by Patricia Ames | 7/14/15

It took a Song of the Day club and over 5 million Instagram followers for me to meet “Big Data.” I’d like you to meet him too. The video comes from Viacom Velocity, an integrated marketing firm that created its own ad to demonstrate how it uses big data to understand and solve its clients’ problems. 

The opening lines come from a character called “Hadoop” (played by singer and dancer Todrick Hall) and aptly describe the average office environment: “I know you’re struggling – I can feel your pain.” What business these days doesn’t feel the pain of the information explosion erupting from every portal?

I thought it would be fun to use this crazy video to walk us through some of the complex terminology that makes up the landscape we commonly refer to as “Big Data.”

First of all what is Hadoop? Apache Hadoop is an open source software library that provides a framework that allows distributed processing of large data sets across clusters of servers. It is scalable with a high fault tolerance and is designed to work on just a single server or across thousands.

Open source software makes its source code publicly available to anyone for modification and enhancement. It is typically collectively designed by many people and can be freely used, changed, and shared by anyone.

Open source is important for several reasons:

·      Robust – there are many people working on it, optimizing it – open source code is typically fixed, updated and upgraded rapidly because there are so many authors

·      Secure – with the source code open, it tends to be thoroughly tested and any holes are quickly patched

·      Flexible –it can be tweaked for uses other than original intent

MapReduce is a way of processing big data. It breaks the data down into two parts: a mapping job that performs filtering and sorting, and then a reducing job that summarizes or counts the data. This system enlists clusters of servers to run the various tasks in parallel. MapReduce is disk-based and Hadoop supports it.

Spark is a different way of processing big data that is performed in-memory and so it can function at even faster multiples of speed than MapReduce. Hadoop also supports Spark.

NoSQL or “Not only SQL” is a term that became prevalent with the rise of Facebook and Google and the storage needs of Web 2.0 companies. This database system is designed for more flexible queries, horizontal scaling and faster processing than SQL databases because it stores and retrieves the data differently than relational databases. NoSQL databases are increasingly used in big data and real-time web applications.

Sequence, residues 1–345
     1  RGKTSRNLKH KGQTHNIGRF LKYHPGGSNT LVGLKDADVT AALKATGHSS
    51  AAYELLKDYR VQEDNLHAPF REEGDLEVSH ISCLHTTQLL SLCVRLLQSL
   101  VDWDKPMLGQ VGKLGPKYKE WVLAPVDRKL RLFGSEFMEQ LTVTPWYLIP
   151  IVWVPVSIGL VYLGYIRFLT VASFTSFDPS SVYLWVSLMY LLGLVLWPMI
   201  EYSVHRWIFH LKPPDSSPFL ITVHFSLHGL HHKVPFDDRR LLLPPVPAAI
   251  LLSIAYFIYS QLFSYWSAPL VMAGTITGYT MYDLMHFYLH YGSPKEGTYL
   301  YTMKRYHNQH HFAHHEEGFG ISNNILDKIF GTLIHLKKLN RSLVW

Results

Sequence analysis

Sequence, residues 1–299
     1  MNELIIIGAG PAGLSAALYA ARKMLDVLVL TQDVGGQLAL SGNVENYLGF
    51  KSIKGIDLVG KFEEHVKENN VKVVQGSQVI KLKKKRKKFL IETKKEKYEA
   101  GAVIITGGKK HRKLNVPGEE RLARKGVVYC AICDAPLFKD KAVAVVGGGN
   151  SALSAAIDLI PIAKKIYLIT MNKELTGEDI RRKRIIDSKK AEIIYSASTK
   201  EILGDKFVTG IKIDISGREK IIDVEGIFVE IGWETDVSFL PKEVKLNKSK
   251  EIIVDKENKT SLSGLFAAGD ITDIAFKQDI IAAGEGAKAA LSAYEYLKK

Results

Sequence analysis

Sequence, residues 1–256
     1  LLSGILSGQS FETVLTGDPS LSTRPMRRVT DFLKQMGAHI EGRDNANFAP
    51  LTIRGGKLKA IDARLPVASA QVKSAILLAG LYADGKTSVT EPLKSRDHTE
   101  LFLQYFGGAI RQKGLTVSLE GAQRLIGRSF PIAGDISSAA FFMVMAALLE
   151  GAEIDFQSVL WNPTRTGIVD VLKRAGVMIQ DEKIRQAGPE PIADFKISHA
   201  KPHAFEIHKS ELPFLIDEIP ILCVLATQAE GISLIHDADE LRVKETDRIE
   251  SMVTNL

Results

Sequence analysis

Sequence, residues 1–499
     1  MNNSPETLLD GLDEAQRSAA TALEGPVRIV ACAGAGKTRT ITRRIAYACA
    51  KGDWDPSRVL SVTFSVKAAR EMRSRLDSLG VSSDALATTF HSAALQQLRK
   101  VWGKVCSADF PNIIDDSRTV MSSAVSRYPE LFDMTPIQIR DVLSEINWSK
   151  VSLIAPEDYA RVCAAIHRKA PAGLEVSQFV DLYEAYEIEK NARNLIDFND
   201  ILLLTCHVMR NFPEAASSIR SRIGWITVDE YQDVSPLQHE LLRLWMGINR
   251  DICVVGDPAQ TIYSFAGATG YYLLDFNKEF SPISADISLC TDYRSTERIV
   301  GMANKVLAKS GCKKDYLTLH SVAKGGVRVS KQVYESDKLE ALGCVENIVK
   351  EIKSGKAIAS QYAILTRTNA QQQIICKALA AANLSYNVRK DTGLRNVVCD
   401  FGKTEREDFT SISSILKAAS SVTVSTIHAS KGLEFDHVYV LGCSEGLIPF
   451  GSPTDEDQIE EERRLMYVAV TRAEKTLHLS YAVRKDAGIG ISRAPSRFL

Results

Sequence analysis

Pig (NOT the farm animal): Pig is a platform for analyzing large data sets. Once your big data is crunched and queried, you will need to analyze and evaluate the results in a program like Pig. Pig, also by Apache, is open source and is known for its ease of programming, its ability to automatically optimize tasks and users can also create their own functions to do special-purpose processing, which is called extensibility.

Which leads me to the ZooKeeper – ZooKeeper is an open source project that provides a centralized infrastructure and services that enable synchronization across a cluster. Managing a database cluster with just a few servers is already a challenge, so imagine the task with the large clusters required for big data processing. ZooKeeper provides centralized management of the entire cluster in terms of configuration management and names, synchronization and group services, among other things.

Petabytes: A petabyte is 1,000 terabytes (TB) or 1 million gigabytes (GB). The prefix “peta” indicates the fifth power of 1,000, or 1015, and therefore 1 petabyte is one quadrillion (short scale) bytes, or 1 billiard (long scale) bytes. The unit symbol for the petabyte is PB.

So now we know how “Big Data” knows so much.  As “Hadoop” so eloquently put it – “Big data is not only in the … house – he knows everything about the … house.“

There are some great messages in the video.  They ask if you know what type of data you are collecting — “Is your data tiny or large? Do you know who is buying what and what you should charge?  Does your data really know? Or is it confused?

They also ask what you are doing with your data once you collect it: “Do you find yourself selling beer to babies, diapers to teens? Do you barely even know what your customer needs? Maybe you should check what kind of data you’re using and whether it illuminates what everybody is choosing.”

And that’s the priceless key to harnessing the power of your data – getting the right tools to store, archive, index and mine that information.

Peace out – I have more stuff to learn.


Want to know more about the man behind “Big Data”? So did I. Check out his interview with Katie Couric:

Also check out our Workflow magazine — we write about big data a lot:


Patricia Ames is an analyst at BPO Media, which publishes The Imaging Channel and Workflow magazines. Ames has lived and worked in the United States, Southeast Asia and Europe and enjoys being a part of a global industry and community. Follow her on Twitter at @OTGPublisher or contact her by email at